The business name is the most important intellectual property asset, yet many small and home-based entrepreneurs fail to take steps to protect their business names.
We interviewed Shannon Moore, the General Manager for TradeMark Express to shed light on the importance of protecting your business name as well as the process and cost of getting your name trademarked. Ms. Moore has worked extensively on trademark application, including doing comprehensive research, application preparation, attorney referrals and trademark consultation.
PowerHomeBiz.com: Small businesses are often resource-strapped, and many do not think about protecting their own business name. Why should a small business protect their business name?
Shannon Moore: Regardless of the size of a business, the name is the “face” of the business. The name is the focal point of all the benefits and features that relate to your products and/or services. It’s how customers come to know you and, perhaps more importantly, remember you. Protecting a business name ensures that when customers look for you, they find you and not your competitor with the same or similar name.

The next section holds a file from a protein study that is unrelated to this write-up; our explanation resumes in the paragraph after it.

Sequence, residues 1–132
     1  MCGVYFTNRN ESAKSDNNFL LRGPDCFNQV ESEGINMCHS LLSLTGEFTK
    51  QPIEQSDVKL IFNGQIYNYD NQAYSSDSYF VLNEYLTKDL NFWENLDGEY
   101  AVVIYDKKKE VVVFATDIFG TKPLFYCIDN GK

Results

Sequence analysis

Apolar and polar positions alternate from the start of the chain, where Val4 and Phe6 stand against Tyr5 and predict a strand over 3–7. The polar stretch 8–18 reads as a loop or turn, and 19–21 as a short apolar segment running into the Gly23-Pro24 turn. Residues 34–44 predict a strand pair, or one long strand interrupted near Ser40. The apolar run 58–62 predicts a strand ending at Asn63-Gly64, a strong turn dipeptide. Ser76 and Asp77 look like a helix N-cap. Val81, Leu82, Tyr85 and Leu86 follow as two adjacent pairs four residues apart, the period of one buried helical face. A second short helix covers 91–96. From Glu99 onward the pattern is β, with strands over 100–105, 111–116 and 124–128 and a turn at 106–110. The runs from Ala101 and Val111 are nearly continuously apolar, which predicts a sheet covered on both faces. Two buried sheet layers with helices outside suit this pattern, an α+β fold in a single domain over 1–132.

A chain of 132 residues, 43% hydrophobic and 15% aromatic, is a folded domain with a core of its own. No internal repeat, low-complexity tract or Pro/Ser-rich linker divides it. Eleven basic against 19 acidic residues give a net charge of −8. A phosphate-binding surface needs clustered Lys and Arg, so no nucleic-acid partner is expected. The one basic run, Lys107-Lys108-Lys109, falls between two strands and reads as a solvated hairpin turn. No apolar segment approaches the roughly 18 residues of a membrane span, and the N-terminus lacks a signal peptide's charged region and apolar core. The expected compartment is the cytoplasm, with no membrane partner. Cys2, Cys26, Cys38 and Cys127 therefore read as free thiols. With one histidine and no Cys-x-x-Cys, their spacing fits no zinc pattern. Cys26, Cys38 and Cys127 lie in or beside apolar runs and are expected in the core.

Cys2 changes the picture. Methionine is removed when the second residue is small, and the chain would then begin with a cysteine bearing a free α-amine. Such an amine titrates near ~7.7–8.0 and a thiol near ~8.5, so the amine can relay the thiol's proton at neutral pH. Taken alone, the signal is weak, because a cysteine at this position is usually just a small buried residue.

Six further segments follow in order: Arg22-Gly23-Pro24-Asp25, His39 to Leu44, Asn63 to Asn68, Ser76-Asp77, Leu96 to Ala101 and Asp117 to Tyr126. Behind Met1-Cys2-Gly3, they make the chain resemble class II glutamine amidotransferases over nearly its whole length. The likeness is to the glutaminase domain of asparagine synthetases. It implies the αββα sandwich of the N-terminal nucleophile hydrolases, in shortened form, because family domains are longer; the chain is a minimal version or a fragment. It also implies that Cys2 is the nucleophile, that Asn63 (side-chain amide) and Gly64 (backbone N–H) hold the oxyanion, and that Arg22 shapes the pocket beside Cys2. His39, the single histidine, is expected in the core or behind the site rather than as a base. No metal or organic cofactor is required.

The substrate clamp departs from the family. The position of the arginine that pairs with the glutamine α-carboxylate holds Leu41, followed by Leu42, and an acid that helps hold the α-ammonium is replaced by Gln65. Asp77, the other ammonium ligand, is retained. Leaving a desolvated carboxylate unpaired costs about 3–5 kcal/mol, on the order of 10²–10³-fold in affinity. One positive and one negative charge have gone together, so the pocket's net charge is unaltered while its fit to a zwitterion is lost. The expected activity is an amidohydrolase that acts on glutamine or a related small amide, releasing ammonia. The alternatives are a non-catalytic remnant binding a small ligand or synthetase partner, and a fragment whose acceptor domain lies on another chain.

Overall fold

What are the steps needed to protect a business name?
The first step is to ensure that the business name is legally available. No matter the size of a business, it’s the owner’s responsibility to ensure that the name they’re using is legally available. If it is clear and if you want to, filing for a trademark is the second step. Now I say if you want to because it’s not mandatory or even necessary for all businesses to file for a trademark. In fact, most businesses in the US do not have a registered trademark. However, there are several important advantages in owning a trademark on your business name, which I’ll explain in detail in a bit.
What are the expenses associated with protecting a business name?
Like I mentioned, the first step is to ensure that the business name is legally available. This involves having comprehensive research conducted. Comprehensive research consists of looking for marks that are similar in sound, appearance or meaning in the pending & registered Federal and State trademark files as well as the US National Common-Law files.